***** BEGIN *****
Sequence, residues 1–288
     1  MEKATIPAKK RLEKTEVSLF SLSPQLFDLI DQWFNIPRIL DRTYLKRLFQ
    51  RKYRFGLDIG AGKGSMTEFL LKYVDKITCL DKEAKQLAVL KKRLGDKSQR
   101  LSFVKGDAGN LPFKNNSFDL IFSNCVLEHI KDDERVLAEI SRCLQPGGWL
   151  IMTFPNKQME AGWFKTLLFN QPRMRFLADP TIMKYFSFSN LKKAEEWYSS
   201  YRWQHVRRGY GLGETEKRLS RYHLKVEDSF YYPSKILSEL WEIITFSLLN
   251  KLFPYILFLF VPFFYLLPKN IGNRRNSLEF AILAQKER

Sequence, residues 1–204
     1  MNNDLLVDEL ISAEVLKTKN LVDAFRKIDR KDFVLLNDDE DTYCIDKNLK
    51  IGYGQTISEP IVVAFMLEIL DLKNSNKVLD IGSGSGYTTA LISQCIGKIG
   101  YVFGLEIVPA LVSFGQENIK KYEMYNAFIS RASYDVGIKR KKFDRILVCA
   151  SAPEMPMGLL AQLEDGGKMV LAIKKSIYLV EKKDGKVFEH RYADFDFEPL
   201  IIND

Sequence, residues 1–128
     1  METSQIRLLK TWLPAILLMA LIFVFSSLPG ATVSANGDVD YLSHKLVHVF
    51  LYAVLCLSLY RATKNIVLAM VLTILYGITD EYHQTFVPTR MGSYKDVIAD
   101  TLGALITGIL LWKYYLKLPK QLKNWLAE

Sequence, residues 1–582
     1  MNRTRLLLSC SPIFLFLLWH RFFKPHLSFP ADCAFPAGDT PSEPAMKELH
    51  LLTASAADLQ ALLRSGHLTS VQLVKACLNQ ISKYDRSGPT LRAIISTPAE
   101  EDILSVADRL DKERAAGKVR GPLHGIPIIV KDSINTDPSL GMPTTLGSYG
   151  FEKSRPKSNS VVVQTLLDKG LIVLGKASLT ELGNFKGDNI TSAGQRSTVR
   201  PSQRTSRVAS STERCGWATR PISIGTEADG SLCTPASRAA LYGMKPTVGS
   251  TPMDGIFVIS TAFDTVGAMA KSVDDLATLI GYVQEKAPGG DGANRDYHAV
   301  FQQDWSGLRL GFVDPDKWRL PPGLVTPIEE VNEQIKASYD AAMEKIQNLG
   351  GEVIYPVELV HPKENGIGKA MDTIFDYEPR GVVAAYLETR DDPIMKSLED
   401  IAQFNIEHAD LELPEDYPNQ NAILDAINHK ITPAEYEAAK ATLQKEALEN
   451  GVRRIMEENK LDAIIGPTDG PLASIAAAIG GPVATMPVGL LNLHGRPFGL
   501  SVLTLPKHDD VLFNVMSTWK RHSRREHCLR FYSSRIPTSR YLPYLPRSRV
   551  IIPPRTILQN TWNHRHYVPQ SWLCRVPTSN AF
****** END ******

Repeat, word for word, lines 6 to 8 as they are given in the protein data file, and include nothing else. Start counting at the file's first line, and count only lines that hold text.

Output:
   201  YRWQHVRRGY GLGETEKRLS RYHLKVEDSF YYPSKILSEL WEIITFSLLN
   251  KLFPYILFLF VPFFYLLPKN IGNRRNSLEF AILAQKER

Sequence, residues 1–204